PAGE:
Archive for leftist

“Kinderland, du tsoyberland” Performed by Gerry Tenney

Posted in Main Collection with tags , , , , , , , , , , , , , , , , , , , , , , , , on August 24, 2021 by yiddishsong

Kinderland, du tsoyberland / Kinderland, You Magical Land 
A Yiddish summer camp hymn 
Music: Albert Bitter, Words: M.A. Suhl (Yuri Suhl, 1908 – 1986) 
Sung & Recorded by Gerry Tenney, May 2021  

Gerry Tenney

(Spoken)  
Eyns, tsvey, dray, fir                       One, two, three, four 

Kinderland, du tsoyberland.   Kinderland, you magical land 
Unter himlen fraye.                        Under the open skies 
Mir kumen zikh do opruen,          We come here to rest,            
Shtarkn un banayen.                    To be strengthened and renewed. 
Oy, kinder, kinder, kinderland.      Oy, children, children, children –land 
Far kinder a gan-eydn                  For children it’s a paradise.  
Mir shpiln zikh, mir lernen zikh.  We play, we learn 
Mir lebn do in freydn.                   We live here peacefully 
Oy, kinder, kinder, kinderland       Oy, children, children, children-land 
Far kinder a gan-eydn                  For children, it’s a paradise.  
Mir shpil zikh, mir lernen zikh.    We play, we learn. 
Mir lebn do in freydn.                   We live here peacefully 

There is second verse to this song, which according to Tenney was rarely sung.  

Mit zun un feld un fraye nakht.      With sun and field and free nights 
Du bist undz azoy tayer                  You are so dear to us.  
Freylekh munter zingt dos lid         Happy, boldy sing this song, 
An arbets lid a nayer                       a labor song, a new one.           

Commentary by Itzik Gottesman

Camp Kinderland is a summer camp, today in Tolland, Massachusets. It was founded in 1923 in New York by leftist unions. Several generations of Jewish children from NY and surrounding regions were raised there with a love for Yiddish song and culture. Kinderland has evolved since then and here is the current link to the camp.

A link to the songbook of Kinderland, 1954, which includes the Yiddish and English transcription of this and many other songs can be found here. We hope to present more recordings from this songbook.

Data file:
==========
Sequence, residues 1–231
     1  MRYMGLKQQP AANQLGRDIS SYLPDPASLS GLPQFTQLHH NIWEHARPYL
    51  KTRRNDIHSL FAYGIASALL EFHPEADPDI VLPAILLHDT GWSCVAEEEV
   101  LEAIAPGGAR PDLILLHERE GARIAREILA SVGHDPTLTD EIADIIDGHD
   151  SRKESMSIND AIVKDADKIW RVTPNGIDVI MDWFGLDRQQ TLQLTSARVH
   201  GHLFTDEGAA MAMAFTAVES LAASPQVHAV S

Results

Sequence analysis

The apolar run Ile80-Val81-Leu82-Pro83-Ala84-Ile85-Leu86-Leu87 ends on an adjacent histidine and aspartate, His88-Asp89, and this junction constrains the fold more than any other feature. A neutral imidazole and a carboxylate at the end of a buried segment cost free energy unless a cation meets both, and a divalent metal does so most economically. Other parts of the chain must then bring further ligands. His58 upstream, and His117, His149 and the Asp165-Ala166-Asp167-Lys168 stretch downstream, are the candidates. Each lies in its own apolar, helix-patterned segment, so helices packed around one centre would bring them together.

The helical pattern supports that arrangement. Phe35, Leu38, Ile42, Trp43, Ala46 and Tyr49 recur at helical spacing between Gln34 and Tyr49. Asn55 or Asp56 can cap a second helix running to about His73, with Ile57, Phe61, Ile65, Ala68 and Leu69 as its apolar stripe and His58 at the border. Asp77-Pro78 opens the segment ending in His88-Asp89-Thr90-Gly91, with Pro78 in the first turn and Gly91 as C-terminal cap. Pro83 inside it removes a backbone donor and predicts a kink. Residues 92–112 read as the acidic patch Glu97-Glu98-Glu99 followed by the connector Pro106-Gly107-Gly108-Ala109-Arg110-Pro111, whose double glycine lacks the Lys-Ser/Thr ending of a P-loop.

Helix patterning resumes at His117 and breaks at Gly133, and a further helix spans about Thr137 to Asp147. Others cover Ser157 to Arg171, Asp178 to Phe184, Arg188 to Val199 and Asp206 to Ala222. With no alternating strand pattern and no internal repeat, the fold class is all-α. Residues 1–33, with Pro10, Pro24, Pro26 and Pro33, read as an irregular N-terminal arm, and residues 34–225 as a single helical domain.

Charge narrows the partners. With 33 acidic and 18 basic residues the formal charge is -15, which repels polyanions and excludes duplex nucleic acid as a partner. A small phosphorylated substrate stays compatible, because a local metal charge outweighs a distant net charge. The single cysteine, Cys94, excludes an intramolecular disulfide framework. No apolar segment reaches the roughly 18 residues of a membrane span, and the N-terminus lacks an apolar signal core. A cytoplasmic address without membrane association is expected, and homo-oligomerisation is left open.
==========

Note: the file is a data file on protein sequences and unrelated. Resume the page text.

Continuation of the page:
Gerry Tenney is a leading figure in the Yiddish cultural world in the Bay area. He writes about himself: 

I was born in a Yinglish speaking family in the Bronx. Yiddish  was all around me as we lived in the same building as my bubi and zeydi. Although I was not raised in linke krayzn [leftist circles], I found my way there in the late fifties and early sixties. I graduated from the Hekherer Kursn [high school level] and taught in the elementar shuln in Queens. From 1963 -1968 I was a counsellor and group leader at Camp Kinderland. I have  remained active in camp activities and went back there to teach music many times. My son Noah also attended camp. In California I was the co-founder of East Bay Kindershul, leader of California Klezmer, and the President of KlezCalifornia. I am currently working on the Beregovski translation project.

We would add to this short bio, that Tenney together with Betty Albert-Shreck produced a popular Yiddish recording for children “Let’s Sing a Yiddish Song/Lomir zingen a yidish lid.” 

This is one of three Camp Kinderland hymns according to Tenney, and though there is at least one recording with a second verse, Tenney remembers only singing one.  Bitter and Suhl also together composed the humorous children’s song “Poyzn ayvi” [ Poison Ivy] which can be heard on the recording “Let’s Sing a Yiddish Song” 

You can hear other Kinderland alumni sing the song at this link

We invite readers of the blog to send in recordings of songs from their Yiddish camps. There are many that have never been recorded and are unknown to the larger Yiddish world.  

“Lomir ale in eynem marshirn” Performed by Beyle Schaechter Gottesman